Obesity II BMI (35 - 39.9)
Obesity III BMI ( 40)
Increased risk
High risk
Very high risk
Extremely high risk
Waist circumference More than 40 inches for
men, more than 35 inches for women
Increased risk 2
High risk
Very high risk
Very high risk
Extremely high risk
1 Disease risk for type 2 diabetes, hypertension and cardiovascular disease.
2 Increased waist circumference can also be a marker for increased risk, even in persons of normal weight.
Source: National Heart, Lung, Blood Institute, Clinical Guidelines on the Identification,
Evaluation, and Treatment of Overweight and Obesity in Adults. Available at
Health Calculators
BMI= wt (kg)/ height (m2)
Know HOW HEALTHY are your kidneys?
GFR (mL/min/1.73 m ) = 175 × (S cr )
(conventional units)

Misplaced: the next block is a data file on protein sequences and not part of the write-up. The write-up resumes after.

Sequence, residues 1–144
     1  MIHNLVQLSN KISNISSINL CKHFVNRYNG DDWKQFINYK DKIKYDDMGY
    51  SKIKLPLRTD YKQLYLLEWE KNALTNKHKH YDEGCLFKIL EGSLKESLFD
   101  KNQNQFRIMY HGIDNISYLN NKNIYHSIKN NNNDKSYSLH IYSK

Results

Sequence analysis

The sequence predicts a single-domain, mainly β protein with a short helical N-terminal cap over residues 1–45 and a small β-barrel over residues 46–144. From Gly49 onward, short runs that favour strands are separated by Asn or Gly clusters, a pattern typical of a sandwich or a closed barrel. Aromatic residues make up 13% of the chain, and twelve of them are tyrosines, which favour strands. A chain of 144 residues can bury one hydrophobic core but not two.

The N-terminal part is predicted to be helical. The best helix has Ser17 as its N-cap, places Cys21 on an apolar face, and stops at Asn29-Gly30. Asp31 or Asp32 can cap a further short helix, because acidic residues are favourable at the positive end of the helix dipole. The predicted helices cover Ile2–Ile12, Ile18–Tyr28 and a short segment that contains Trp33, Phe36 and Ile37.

× (Age)
× (0.742 if female) × (1.212 if African American)
1.Levey AS, Coresh J, Greene T, Stevens LA, Zhang YL, Hendriksen S, Kusek JW, Van Lente F; Chronic Kidney
Disease Epidemiology Collaboration. Using standardized serum creatinine values in the modification of diet in
renal disease study equation for estimating glomerular filtration rate.Ann Intern Med. 2006 Aug
Serum creatinine
African American
GFR value:
mL/min/1.73 m2**
*This equation should only be used for patients 18 and older.
**The NKDEP presently recommends reporting estimated GFR values greater than or equal to 60
mL/min/1.73 m2 simply as "≥ 60 mL/min/1.73 m2", not an exact number.
What can I do for a more healthy lifestyle?
Lose weight. If you are overweight, start by losing
10 pounds. A small weight loss will reduce your risk for health problems. Weight loss of 1 to 2 pounds a
week is a healthy pace.
Become more physically active. For general health, aim for at least 30 minutes of moderate activity on most